January 04, 2005

Meat Puppetry

For those of you who don't follow Neal Stephenson or SF, The Baroque Cycle is an ambitious trilogy of 900-plus page novels, all set during the height of the Enlightenment in the late seventeenth and early eighteenth centuries. I have just finished reading Quicksilver, the first volume, which Stephenson painstakingly wrote in longhand on cotton parchment with a fountain pen (to get into the historical mindframe).

There are no significant spoilers here, but if you haven't read any of it yet and are sensitive to learning any details ahead of time, don't read any further. The rest of this is below the fold:

Stephenson's tremendous amount of research is reflected in his obsessive attention to detail and frequent excursions from the main storyline to share some explanation of the workings of the Royal Society, the Amsterdam and London Stock Exchanges, the etymology of the word "bank" as it pertains to a place that deals in money, etc. For readers unfamiliar with Stephenson's style, these discursions will make you love him or hate him. I liked them in Cryptonomicon, and they continued to delight me here.

Throughout the first book, Stephenson acquaints us with some of the original and early members of the Royal Society and walks us through details of some of their experiments. On the 139th page of the paperback version of Quicksilver, we learn of an experiment conducted by John Wilkins and Robert Hooke to learn how the human mouth forms phonemes:

...Charles Comstock was rousted from bed and ordered to dissect the corpse, as a lesson in anatomy (and as a way of getting rid of it). Meanwhile, Hooke and Wilkins connected the head's windpipe to a large set of fireplace-bellows, so that they could blow air through his voice-box. Daniel was detailed to saw off the top of the skull and get rid of the brains so that he could reach in through the back and get hold of the soft palate, tongue, and other meaty bits responsible for making sounds. With Daniel thus acting as a sort of meat puppeteer, and Hooke manipulating the lips and nostrils, and Wilkins plying the bellows, they were able to make the head speak...."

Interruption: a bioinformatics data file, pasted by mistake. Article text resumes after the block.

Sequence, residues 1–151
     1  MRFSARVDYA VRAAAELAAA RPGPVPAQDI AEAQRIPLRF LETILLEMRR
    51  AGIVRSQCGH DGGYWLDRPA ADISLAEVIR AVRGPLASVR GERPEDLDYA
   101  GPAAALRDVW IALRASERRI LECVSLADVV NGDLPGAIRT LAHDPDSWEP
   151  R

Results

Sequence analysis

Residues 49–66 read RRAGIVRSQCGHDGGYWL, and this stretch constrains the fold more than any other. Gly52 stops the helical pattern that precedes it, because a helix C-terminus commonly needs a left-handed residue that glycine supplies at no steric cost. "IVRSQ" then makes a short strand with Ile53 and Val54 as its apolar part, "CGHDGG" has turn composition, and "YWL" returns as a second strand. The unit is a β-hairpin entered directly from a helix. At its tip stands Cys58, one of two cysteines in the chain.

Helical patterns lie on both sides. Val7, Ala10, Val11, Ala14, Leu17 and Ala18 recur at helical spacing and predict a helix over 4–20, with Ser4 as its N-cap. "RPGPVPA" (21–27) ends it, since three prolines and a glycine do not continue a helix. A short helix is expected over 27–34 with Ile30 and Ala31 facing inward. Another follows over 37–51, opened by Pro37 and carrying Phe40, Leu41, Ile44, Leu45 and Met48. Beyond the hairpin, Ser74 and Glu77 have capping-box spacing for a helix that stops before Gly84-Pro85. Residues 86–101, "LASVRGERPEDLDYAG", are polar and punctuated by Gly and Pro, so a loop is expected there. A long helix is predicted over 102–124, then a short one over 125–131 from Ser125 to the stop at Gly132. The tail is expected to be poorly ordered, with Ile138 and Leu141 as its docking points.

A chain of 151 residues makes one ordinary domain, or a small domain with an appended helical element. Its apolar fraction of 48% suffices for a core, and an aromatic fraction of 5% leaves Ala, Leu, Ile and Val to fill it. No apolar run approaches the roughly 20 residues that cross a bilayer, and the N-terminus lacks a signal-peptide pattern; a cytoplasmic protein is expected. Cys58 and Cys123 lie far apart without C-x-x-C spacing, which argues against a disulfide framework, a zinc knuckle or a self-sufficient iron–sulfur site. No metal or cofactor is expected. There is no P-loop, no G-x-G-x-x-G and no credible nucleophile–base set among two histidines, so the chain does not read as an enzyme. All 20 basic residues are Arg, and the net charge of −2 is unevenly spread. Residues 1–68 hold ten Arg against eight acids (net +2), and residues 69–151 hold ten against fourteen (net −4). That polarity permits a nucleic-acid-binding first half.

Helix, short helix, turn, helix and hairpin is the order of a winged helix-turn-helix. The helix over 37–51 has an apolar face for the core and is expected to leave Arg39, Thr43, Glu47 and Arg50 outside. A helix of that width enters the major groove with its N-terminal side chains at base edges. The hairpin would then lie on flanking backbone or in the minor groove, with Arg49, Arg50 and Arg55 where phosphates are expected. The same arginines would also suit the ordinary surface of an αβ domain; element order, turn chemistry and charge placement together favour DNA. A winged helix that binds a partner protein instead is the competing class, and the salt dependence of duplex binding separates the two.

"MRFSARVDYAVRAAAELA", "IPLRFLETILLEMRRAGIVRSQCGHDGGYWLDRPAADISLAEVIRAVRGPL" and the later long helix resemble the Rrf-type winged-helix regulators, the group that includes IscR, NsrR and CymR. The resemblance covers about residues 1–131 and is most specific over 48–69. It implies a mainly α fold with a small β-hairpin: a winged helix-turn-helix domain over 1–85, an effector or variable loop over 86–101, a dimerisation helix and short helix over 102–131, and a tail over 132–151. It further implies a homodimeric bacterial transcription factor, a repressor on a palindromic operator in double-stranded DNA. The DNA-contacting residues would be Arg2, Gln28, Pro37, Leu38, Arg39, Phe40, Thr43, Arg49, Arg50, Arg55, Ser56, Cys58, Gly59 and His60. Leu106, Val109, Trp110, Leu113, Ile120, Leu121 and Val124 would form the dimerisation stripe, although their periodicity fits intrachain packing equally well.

Though I wasn't much of a fan of theirs, the old eighties alterna-punk band "The Meat Puppets" came immediately to mind as I read that, and I wondered whether this was a hidden tribute to them. After exhaustive Googling, I couldn't find a plausible direct link between Stephenson and that band, but I did learn of the etymology of the phrase "meat puppet," which seems to have been invented by William Gibson in his groundbreaking Neuromancer (in reference to Molly's original profession as a sense-blocked prostitute).

Now, Neuromancer came out about the same time as The Meat Puppets debuted in 1980 -- could there be a link? Hmmm.

In any case, based on interviews, Stephenson is clearly aware of Gibson, and I can't help thinking this may have been a deeply embedded tribute by him to the father of cyberpunk. Although this book will provide many rewarding nuggets like this for obsessive geeks to research, it should also appeal even to those with just a casual interest in history, as it makes this exciting time of intellectual ferment come to life.

Highly recommended.

Posted by JohnL at January 4, 2005 09:33 PM

After reading Cryptonomicon, I couldn't wait to hit Quicksilver. I was disappointed. The storyline about Daniel Waterhouse I found very interesting, but I couldn't get into the Jack Shaftoe parts. I started it over again, but just can't seem to finish it.

Posted by: Howard at January 7, 2005 02:13 PM

I finished the Baroque Cycle a few months ago and I loved it. While it took me forever and a day to get through Quicksilver, I sped (in relative terms, of course) through The Confusion and The System of the World. Great books and a very satisfying read...when you finally make it to the end. I'm currently reading Cryptonomicon and I'm loving it. Fascinating stuff. I completely agree that Stephenson was making an allusion to Gibson, and he's too smart that I cannot believe it was unintended. He seems the sort who would throw that in there, wondering who would pick up on it. Good for you that you got it. It completely slipped past my husband, who is a Gibson nutjob.

Howard: stick with it. Jack is so confusing in Quicksilver, but he's also ill. I found that once I accepted I was delving into the mind of one who was insane, and let reality drop, it was much more enjoyable. *SPOILER* Plus, he does disappear for the final two-thirds of the book, if that helps you to make your decision.

Posted by: Kathy at January 7, 2005 05:59 PM
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